Our culture has changed tremendously over the last few hundred years. Our life expectancy, literacy, access to different foods, access to different places, how much information we have and the way we process it, the technology that supports us, what we know about the world and how we interact with it.
What have these differences done to us, genetically, physically, mentally, emotionally? How have we changed?
Related questions: What is time? How have we changed the world? How much does our past determine our future?
Live sporting events have a certain thrill that comes from not knowing what is going to happen. Each year, the Super Bowl has a huge TV audience during the live broadcast, but outside of fans of the winning team, there is much less desire for recordings of past Super Bowls.
Why should that be? Where does that thrill come from? Why is it better to watch a sporting event live rather than recorded?
Related questions: What is time? Why are we fascinated with the unknown? Why do we like what we like? Why do people like games?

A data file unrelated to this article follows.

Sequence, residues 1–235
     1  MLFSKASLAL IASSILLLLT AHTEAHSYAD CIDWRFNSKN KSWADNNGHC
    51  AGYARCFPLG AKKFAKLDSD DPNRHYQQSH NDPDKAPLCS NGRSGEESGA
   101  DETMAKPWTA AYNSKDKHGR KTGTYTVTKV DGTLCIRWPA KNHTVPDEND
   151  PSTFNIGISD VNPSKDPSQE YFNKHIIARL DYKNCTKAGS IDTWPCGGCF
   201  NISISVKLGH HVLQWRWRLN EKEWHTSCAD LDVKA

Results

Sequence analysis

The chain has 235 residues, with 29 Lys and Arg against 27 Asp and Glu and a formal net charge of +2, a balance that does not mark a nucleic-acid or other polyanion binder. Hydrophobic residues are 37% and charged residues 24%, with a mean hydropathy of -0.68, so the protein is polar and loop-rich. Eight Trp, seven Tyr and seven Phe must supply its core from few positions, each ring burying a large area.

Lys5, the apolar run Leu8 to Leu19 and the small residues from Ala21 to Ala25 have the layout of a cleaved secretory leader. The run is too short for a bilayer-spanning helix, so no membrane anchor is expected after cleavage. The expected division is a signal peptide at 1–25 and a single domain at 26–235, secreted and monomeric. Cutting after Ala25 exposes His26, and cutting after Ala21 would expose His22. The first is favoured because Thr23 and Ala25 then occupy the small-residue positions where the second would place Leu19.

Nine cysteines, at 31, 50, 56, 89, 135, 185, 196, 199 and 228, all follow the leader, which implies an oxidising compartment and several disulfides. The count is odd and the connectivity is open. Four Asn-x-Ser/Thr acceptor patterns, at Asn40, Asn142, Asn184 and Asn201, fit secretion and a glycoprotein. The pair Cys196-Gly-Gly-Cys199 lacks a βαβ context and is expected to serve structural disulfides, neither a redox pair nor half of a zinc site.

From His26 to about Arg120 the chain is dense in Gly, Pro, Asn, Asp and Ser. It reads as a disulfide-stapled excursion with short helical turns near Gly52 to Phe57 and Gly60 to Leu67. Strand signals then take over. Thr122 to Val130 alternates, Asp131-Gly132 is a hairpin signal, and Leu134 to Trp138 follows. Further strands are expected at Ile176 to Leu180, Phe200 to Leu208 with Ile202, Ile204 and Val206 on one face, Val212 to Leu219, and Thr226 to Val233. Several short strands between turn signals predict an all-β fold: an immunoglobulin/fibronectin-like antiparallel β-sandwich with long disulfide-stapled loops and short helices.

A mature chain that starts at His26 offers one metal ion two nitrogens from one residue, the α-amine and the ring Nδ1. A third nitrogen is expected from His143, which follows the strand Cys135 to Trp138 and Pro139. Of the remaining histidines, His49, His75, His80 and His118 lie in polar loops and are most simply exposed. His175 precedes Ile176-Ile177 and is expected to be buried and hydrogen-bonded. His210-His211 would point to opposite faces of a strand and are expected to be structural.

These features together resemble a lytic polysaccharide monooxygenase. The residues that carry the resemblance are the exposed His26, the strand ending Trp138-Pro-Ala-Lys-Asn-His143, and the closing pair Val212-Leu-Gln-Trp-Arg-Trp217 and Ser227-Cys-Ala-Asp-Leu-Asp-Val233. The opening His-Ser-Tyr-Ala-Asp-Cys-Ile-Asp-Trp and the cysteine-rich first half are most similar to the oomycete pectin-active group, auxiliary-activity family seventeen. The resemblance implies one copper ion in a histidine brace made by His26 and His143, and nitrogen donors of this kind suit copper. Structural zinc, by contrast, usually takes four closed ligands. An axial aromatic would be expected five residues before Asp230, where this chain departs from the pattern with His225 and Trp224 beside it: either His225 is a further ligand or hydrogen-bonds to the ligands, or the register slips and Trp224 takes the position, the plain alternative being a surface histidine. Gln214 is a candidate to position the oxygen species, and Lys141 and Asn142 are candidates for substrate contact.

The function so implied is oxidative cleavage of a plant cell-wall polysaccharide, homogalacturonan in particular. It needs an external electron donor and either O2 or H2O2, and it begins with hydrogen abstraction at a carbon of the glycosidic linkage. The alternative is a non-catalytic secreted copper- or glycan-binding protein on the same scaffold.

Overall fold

We all know what time is — we experience it every moment of our conscious lives. If there is one thing that we all have in common, it may just be the passage of time as we get older.
But once you actually start trying to provide a definition of time, it eludes our grasp as if it was so much mist. Trying to come up with an explanation without using self-referential terms seems really difficult.
Maybe someone else will have better luck than me: What is time?
Related questions: What does “now” mean? Is free will important? What things do all people have in common?